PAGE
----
Monday, June 26, 2017

Burma: What Democracy Can't Do

Depressing news from Burma, where democracy has only made the country's ethnic conflicts worse. We all cheered when pro-democracy activist Aung San Suu Kyi was released from house arrest and led her party to a landslide victory over parties backing the half-mad generals of the military junta.

But as soon as democracy seemed on the rise, the non-Burmese peoples of the country's mountainous north began to agitate for independence. The people of the north (Karen, Kachin, Mon, San and others) were never really ruled by the Burmese until the British conquered them and attached them to their colony of Burma. When Burma was granted independence, British officials who knew the north warned that the hill peoples would not accept Burmese domination, and they have not. Burma's early post-colonial leaders promised seven ethnic minorities an eventual referendum on independence, but that never happened. The ongoing conflict has been one of the main reasons, or at least pretexts, for the military's big role in Burmese politics, and the military has for decades been strongly against independence or autonomy for minority groups.

Aung San Suu Kyi, to her credit, has tried to organize talks with no preconditions, but the military has balked, and so have many members of the pro-democracy movement. So she has moved very cautiously. Peace talks have also been opposed by some of the ethnic rebel groups, some of which have been accused by Human Rights Watch of being little more than drug-smuggling gangs. While the government dithers and the generals work to prevent any real dialogue, the conflict worsens. And that's without even getting into the problem of the Rohingya, Muslims who look more like Bangladeshis than other Burmese and who are considered by most Burmese to be recent interlopers not deserving of even the restrained oppression meted out to long-resident minorities.

One thing democracy cannot do, it seems, is to resolve conflicts among groups of people who are not sure they want to be in a country together at all.

4 comments:

G. Verloren said...

I wouldn't describe Burma as being a democracy yet. The military junta still controls the majority of the power in the country, and there's not much stopping them from taking back the rest forcibly.

I'm actually highly suspicious that they're trying to discredit her by letting her "have a chance" at running the country, but quietly obstructing her and purposefully setting things up to fail. Then they can turn around and say, "See? See how useless democracy is? This is why we need the unquestioned authority of the military!"

They've done everything they can to foil Aung San in the past, why wouldn't they keep doing so now? Do we honestly think they've had a change of heart? Heck no. They've just realized that public sentiment was turning against them, so they had to come up with a way to turn it back. And what better way than to give the appearance of conceding, then sabotaging your opposition rival's efforts and destroying the faith of their supporters, then come back in as the "sensible alternative", the tried and true method that they know works, rather than this new and scary one that seems to be failing.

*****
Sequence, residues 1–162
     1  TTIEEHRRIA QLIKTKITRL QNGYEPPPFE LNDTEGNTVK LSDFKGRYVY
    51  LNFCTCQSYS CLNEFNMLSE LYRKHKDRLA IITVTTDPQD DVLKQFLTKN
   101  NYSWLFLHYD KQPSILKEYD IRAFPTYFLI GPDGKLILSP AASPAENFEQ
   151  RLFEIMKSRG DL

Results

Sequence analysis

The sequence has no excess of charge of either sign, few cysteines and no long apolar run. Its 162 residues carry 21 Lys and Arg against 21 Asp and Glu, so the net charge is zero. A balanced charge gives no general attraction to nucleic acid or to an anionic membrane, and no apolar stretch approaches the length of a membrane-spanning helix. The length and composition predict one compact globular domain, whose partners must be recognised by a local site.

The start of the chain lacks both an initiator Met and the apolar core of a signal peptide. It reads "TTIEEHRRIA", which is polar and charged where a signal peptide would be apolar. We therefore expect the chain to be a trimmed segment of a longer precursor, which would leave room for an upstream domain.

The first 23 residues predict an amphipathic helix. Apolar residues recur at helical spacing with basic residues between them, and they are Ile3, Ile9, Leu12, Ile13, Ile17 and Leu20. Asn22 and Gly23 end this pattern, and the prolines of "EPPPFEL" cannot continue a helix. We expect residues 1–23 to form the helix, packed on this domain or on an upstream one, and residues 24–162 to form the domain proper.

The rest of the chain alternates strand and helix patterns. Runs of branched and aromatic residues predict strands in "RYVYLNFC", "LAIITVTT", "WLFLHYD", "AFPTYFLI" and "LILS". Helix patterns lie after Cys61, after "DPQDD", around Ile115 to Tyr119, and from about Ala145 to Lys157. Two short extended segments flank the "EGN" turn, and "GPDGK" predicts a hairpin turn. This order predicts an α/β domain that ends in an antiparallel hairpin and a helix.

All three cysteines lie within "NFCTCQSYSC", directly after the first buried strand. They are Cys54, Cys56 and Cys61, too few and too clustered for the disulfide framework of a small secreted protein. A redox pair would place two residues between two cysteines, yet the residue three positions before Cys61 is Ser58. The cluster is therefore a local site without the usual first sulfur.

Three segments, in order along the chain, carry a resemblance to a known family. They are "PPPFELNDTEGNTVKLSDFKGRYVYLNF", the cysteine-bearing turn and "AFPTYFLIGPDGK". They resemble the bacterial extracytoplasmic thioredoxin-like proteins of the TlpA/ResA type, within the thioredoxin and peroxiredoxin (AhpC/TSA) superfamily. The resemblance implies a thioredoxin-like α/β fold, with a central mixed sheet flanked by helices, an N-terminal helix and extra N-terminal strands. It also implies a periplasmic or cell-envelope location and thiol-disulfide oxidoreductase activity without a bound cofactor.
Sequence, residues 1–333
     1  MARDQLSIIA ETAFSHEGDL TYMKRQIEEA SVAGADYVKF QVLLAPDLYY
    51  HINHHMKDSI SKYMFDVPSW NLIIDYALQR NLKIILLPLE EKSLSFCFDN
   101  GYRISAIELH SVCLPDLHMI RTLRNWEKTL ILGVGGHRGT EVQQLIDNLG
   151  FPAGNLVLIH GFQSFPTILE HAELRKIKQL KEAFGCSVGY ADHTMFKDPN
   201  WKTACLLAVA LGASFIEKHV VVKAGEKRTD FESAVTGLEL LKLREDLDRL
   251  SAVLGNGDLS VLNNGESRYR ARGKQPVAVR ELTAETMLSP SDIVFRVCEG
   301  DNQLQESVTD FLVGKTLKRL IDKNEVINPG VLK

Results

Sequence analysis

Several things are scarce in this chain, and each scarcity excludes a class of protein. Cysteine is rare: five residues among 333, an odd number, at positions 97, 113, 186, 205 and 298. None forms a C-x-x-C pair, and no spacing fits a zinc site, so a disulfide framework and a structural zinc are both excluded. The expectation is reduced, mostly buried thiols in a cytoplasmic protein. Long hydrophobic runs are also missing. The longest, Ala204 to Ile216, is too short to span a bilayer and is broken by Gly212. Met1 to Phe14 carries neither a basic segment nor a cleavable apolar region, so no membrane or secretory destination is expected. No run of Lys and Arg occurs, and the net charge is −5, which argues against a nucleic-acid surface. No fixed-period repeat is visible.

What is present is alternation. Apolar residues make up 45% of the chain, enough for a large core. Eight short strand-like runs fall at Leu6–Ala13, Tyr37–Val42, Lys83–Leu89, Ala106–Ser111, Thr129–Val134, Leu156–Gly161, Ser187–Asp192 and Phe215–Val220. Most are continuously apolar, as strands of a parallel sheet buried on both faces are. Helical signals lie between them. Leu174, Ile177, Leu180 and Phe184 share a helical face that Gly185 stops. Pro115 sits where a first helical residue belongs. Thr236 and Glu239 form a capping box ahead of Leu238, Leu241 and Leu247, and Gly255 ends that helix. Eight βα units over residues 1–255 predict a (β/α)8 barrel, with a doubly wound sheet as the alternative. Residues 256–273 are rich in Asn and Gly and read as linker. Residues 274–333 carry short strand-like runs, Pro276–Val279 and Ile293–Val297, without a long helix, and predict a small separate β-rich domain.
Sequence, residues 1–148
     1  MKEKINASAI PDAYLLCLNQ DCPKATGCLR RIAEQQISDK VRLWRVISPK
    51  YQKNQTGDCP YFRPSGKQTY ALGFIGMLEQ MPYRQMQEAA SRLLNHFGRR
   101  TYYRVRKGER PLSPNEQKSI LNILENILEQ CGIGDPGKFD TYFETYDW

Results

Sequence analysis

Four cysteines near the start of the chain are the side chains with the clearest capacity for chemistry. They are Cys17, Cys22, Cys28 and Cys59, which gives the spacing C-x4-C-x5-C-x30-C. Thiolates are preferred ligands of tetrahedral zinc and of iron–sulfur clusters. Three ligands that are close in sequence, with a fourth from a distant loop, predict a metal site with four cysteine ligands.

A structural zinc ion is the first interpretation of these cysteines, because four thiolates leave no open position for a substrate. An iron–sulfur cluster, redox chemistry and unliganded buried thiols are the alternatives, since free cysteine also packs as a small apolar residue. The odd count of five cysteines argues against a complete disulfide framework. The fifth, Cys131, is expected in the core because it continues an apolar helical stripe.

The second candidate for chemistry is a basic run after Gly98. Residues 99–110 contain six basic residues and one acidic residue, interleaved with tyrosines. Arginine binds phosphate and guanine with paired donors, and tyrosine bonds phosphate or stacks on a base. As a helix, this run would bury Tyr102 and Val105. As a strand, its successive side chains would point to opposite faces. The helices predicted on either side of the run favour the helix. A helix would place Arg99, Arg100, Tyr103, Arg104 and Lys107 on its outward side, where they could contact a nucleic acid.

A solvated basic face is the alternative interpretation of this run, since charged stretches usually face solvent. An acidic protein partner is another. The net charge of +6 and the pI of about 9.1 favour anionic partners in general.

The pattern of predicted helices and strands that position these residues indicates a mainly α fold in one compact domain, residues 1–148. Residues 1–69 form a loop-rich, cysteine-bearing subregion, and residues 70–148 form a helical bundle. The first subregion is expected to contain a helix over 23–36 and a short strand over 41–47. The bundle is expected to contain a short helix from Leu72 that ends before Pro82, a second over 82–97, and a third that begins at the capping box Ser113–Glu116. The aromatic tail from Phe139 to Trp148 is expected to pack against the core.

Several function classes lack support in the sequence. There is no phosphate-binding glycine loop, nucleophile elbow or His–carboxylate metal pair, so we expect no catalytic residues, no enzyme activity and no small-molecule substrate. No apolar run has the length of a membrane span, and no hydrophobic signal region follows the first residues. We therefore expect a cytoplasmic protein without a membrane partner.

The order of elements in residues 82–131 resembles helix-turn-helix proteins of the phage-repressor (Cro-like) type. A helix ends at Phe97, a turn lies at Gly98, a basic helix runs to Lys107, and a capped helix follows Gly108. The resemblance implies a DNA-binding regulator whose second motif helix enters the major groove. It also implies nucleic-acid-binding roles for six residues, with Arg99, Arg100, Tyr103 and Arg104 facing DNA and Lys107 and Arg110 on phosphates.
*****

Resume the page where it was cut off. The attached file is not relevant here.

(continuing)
David said...

Knowing little about Burma, it certainly seems plausible to me that both G. and John are right, and intractable ethnic conflicts, the machinations of the generals, and probably several other things are creating a perfect storm of failure for Burmese democracy.

John said...

I don't doubt that the military is mucking things up, as they have been since independence. But as I said, many of the democratic government's supporters opposed the plan for talks with no preconditions; a government that offered independence or autonomy to the ethnic minorities might lose the support of many Burmese. I think this would be a very hard problem regardless of military perfidy.

David said...

According to Wikipedia, the dominant ethnic group in the country is the Bamar. So, presumably it is Bamar who don't want to give independence to Shan, Kachin, and others. I wonder why not. Is there an ideal of non-ethnic nationhood? Is there an idea that the Bamar are awesome and shouldn't give an inch (because their ancestors wouldn't, etc.)? Do the Kachin, say, live in the sacred original Bamar homeland (a la Kosovo)? Or perhaps Bamar nationalists say once everyone who lived in the country was more or less Bamar, and then the British either let these foreigners in, or else heightened differences that before weren't important, etc., etc.

Why not let them go? Then all the Bamar could be Bamar together. But no. I wonder what that's about.